The European Parliament leads the way in approving groundbreaking legislation regulating artificial intelligence usage

The European Parliament's approval comes amidst escalating concerns regarding the advancement of artificial intelligence.

The European Union approved legislation to regulate the use of artificial intelligence (AI). The plenary session of the European Parliament passed an ambitious regulation on the use of AI. It is the last step before countries in the European Union begin to apply the regulations.

The legislation had 523 votes in favor, 46 against and 49 abstentions. President of the European Commission Ursula von der Leyen was pleased with the result. She described the measure as innovative and claimed that - in her opinion - it guarantees greater security.

"This will benefit Europe's fantastic pool of talents. And set a blueprint for trustworthy AI throughout the world," said the president of the European Commission on her X account.

As AFP recalls, "The original bill, considered unprecedented worldwide, had been presented by the European Commission, the executive arm of the European Union, in April 2021. However, the appearance at the end of 2022 of ChatGPT, from the Californian company OpenAI, capable of writing dissertations, poems or making translations in seconds, gave the project a new dimension."

Models with different requirements

The adopted regulations require that general-purpose AI models must comply with transparency obligations, as well as European copyright regulations. Meanwhile, systems considered high-risk (such as those used in critical infrastructure, education, or law enforcement) will be subject to stricter requirements.

"The text supported by MEPs also plans to prohibit citizen rating or mass surveillance systems, or even the remote biometric identification of people in public places," AFP detailed.

The legislation also requires a European AI Office to monitor and apply sanctions.

"Non-compliance with the rules can lead to fines ranging from 35 million euros or 7% of global turnover to 7.5 million or 1.5 % of turnover, depending on the infringement and size of the company," reported AFP.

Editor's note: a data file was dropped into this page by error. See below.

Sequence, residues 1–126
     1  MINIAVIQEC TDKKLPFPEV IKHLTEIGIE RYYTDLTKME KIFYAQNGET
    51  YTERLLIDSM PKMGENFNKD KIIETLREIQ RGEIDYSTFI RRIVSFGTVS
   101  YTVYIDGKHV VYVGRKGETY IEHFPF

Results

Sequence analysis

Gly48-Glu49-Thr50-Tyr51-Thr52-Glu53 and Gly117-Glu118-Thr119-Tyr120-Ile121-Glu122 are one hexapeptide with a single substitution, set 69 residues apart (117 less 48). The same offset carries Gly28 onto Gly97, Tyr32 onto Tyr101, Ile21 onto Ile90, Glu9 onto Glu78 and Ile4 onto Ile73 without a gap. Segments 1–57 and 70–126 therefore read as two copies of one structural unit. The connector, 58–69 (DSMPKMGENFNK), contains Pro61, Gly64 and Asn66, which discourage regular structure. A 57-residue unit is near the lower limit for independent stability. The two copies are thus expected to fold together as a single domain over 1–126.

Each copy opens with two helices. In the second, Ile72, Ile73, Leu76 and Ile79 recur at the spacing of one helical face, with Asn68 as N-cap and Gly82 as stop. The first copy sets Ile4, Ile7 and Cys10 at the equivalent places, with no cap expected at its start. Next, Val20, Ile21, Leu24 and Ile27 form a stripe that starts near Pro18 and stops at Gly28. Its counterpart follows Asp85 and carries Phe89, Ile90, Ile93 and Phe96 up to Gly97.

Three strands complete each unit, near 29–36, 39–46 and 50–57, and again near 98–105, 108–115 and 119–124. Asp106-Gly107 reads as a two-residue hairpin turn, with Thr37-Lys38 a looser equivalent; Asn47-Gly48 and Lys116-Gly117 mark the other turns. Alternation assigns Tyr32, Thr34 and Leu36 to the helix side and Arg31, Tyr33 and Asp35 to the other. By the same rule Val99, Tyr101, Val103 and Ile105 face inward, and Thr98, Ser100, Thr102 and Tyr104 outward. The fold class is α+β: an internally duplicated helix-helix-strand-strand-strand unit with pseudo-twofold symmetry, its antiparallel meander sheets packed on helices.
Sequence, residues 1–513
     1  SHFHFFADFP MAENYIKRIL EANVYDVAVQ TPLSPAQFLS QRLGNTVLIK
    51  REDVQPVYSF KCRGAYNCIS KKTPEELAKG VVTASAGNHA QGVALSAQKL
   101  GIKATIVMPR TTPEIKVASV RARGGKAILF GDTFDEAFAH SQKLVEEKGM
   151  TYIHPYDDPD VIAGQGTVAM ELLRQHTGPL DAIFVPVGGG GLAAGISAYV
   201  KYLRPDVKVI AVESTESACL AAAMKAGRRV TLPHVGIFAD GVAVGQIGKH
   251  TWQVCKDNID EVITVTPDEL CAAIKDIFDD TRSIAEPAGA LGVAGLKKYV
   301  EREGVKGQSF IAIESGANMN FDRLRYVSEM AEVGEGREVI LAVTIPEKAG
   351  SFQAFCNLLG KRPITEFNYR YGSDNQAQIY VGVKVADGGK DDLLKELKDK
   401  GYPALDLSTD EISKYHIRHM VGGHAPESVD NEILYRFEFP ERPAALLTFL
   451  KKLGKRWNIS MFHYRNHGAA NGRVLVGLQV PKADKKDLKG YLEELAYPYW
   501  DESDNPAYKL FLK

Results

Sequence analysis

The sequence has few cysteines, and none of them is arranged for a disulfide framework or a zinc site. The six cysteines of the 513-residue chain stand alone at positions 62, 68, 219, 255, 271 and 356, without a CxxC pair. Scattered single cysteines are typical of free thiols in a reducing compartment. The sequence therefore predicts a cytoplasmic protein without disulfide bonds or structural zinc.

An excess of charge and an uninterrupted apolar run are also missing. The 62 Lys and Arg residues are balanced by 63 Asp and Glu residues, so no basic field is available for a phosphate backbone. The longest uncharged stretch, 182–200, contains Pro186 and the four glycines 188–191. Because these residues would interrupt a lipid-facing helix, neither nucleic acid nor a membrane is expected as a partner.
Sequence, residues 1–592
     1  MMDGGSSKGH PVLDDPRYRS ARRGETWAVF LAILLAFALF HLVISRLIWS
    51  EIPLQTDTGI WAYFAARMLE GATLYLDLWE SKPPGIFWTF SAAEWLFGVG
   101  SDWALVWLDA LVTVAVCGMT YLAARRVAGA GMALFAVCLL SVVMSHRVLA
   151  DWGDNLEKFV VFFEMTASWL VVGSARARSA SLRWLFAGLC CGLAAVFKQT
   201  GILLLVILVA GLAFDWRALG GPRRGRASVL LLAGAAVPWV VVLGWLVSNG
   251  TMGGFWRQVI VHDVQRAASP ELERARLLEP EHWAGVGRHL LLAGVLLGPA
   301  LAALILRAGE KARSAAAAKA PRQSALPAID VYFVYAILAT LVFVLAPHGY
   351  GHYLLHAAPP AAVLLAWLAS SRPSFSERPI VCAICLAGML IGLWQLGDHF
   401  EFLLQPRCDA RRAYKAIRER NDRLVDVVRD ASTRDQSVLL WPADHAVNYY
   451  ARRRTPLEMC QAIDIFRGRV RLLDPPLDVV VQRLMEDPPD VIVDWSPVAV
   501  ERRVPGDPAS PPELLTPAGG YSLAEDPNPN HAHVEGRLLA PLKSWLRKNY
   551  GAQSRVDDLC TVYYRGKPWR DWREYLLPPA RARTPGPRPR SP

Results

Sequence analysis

"Planning for the promises and complexities of artificial intelligence"

The European Parliament's approval comes amidst escalating concerns regarding the advancement of artificial intelligence. The law will probably be the first of many around the world. For example, last month Congress announced it is working on fully regulating artificial intelligence (AI) to try to keep up with this technology and, in turn, detect and manage the dangers it entails. For this reason, House Speaker Mike Johnson announced the creation of "a bipartisan and specific working group" to know how to direct it.

"Because advancements in artificial intelligence have the potential to rapidly transform our economy and our society, it is important for Congress to work in a bipartisan manner to understand and plan for both the promises and the complexities of this transformative technology," explained the speaker in a statement on his website.

The CEOs of the main AI technology companies have warned the public about the risks. For example, Sam Altman, CEO of OpenAI, said that "social imbalances" could have dangerous consequences in terms of artificial intelligence (AI).

"I'm not that interested in the killer robots walking on the street direction of things going wrong. I'm much more interested in the very subtle societal misalignments, where we just have these systems out in society and through no particular ill intention, things just go horribly wrong," Altman said in a statement reported by Axios.